|International Best Practice in Micro and Small Enterprise Development - Working Paper 2 - Micro and Small Enterprise Development and Poverty Alleviation in Thailand - Project ILO/UNDP: THA/99/003 (ILO-ISEP - ILO - UNDP, 2000, 80 p.)|
|3. Business development service instruments|
Skilled and experienced consultants normally provide consultancy services by appraising the situation of their MSE clients and recommending various courses of action to the clients. They may offer their services in relation to various aspects of the business, such as technology, marketing, business management, etc. In the case of private sector consultants, expert knowledge of one or more of the above aspects is required since the client expects concrete and useful results from the consultancy.
Consultancy services are provided at the enterprise premises or in other settings. They can also be provided before the establishment of an enterprise (pre-investment activities) or after it has been established (finding solutions to problems faced by the enterprise or assessing possibilities for expansion). Staff members of government agencies and non-government organizations provide most of the consultancy services for MSEs. In the short and medium term, it is doubtful that MSEs would be able to obtain the services of private consultants on a commercial fee-paying basis. Indeed, studies in industrialised countries show that few MSEs actually use the services of a consultant, with the exception of accountants who are needed for completing their tax forms.
The major problem with consultancy services provided by government agencies and non-government organizations relate to the general poor quality of services provided. Government agencies and non-government organizations do not always use strict criteria when recruiting staff members who will act as MSE consultants. Business experience is not always required, and various educational backgrounds are accepted, even some that may be of little relevance to the job. Yet, the skills required for providing relevant, effective and high quality consultancy services are probably much more complex than those required of staff members involved in training. Many evaluations of the consultancy services provided by various types of organizations have compiled long lists of the weaknesses of government agencies and non-government organizations, including technical weaknesses, lack of experience, little knowledge of the business world and, in some situations, a condescending attitude to the MSE clients.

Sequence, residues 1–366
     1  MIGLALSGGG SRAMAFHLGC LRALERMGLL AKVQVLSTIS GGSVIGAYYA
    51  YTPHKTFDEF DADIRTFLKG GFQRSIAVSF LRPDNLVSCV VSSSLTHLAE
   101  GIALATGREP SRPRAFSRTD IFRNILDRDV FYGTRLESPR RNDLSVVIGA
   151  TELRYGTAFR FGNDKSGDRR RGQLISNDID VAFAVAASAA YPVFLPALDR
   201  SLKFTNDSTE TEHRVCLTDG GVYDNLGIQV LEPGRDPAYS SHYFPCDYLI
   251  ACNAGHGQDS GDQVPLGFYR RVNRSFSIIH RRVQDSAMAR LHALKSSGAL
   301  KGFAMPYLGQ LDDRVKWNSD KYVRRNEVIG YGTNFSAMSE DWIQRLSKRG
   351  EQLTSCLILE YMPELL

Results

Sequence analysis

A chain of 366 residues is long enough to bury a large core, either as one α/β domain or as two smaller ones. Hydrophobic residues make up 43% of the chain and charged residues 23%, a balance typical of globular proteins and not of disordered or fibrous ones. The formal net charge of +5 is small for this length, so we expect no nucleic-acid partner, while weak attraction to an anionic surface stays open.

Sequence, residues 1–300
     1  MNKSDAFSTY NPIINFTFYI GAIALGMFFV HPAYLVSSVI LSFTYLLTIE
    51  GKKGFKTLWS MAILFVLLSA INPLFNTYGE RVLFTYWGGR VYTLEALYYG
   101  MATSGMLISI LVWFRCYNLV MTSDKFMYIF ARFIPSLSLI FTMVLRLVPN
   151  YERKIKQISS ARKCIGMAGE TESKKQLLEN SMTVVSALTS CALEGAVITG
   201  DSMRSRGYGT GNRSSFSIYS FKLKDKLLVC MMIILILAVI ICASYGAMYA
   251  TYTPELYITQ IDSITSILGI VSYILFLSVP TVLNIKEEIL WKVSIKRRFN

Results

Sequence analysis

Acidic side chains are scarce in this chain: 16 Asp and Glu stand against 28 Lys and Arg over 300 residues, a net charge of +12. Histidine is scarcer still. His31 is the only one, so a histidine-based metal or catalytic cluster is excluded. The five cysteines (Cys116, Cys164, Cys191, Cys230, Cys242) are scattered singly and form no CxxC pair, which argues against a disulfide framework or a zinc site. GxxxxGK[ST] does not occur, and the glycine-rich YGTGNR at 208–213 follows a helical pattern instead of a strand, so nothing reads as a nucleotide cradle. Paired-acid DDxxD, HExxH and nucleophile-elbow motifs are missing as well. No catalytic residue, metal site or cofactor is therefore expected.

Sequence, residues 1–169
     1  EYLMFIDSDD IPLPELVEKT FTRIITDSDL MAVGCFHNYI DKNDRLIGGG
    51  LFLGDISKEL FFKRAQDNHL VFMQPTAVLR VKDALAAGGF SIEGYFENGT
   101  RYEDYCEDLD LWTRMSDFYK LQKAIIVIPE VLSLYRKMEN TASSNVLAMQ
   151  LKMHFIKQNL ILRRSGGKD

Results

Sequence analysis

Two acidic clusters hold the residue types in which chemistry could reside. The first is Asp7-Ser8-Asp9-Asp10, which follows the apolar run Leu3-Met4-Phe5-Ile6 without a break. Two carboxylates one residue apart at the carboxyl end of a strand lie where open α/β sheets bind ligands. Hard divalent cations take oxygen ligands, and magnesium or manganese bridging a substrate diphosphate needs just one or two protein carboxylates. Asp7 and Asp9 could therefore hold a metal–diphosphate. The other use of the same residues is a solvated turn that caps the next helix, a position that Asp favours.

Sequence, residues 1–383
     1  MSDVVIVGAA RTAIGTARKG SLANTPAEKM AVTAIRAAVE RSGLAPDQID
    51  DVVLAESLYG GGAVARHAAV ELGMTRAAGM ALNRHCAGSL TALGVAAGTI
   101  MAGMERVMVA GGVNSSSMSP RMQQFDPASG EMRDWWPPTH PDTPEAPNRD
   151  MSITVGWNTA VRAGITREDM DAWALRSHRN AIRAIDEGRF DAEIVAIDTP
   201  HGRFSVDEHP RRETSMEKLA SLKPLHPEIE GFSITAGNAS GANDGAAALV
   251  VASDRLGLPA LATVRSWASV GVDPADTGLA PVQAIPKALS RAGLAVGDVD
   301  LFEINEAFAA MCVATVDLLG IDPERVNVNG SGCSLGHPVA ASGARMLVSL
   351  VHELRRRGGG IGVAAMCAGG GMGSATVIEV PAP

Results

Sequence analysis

Another major problem - which paradoxically reduces the importance of the previous one - is that a very small proportion of MSEs actually make use of consultancy services provided by government agencies and non-government organizations! Many studies indicate that this proportion is probably at most five per cent, but may be much less. The same studies indicate that the majority of MSEs actually get some form of counselling and, at times, some limited consultancy services free-of-charge from friends, relatives, clients and suppliers.
By acknowledging these criticisms and problems, this has resulted in some adjustments, with new and additional forms being developed for providing advice to entrepreneurs. This includes strengthening local consultancy services, group consultancy, business clinics and counselling. However, these improvements cannot on their own increase the proportion of MSEs seeking these services from the service providers. The fact that many of these providers rarely ask for the payment of even low fees has not been a sufficient inducement for MSEs to take advantage of this facility. The main issue is seen as promoting the demand for consultancy services, as it is felt that such services could significantly improve the performance of MSEs.
A few new and promising approaches aimed at promoting demand for consultancy services are currently being tested in a number of countries. These include:
· The establishment of a consultancy fund which operates according to principles similar to those of the voucher system in the case of training.
· The provision of consultancy services as part of other services which the entrepreneur regards as of greater and more immediate urgency, such as assistance in accessing a particular market; getting supplies of materials at lower prices; solving a difficult production problem; etc. It is important that the business development service providers are capable of finding the right solutions to these problems so as to increase the interest of the MSE owner in other types of consultancy.
· Promoting the provision of consultancy services by MSE associations for the benefit of their members. It is relatively easier to convince the management staff of these associations about the importance of consultancy services, than to convince the individual owners of MSEs. Once an agreement on this issue is reached between the service provider and the association, it is up to the association to convince its members to try the available services. In this case, advice coming from a peer may have a greater impact. The service provider may make available the services of one of its staff members working from the association's premises.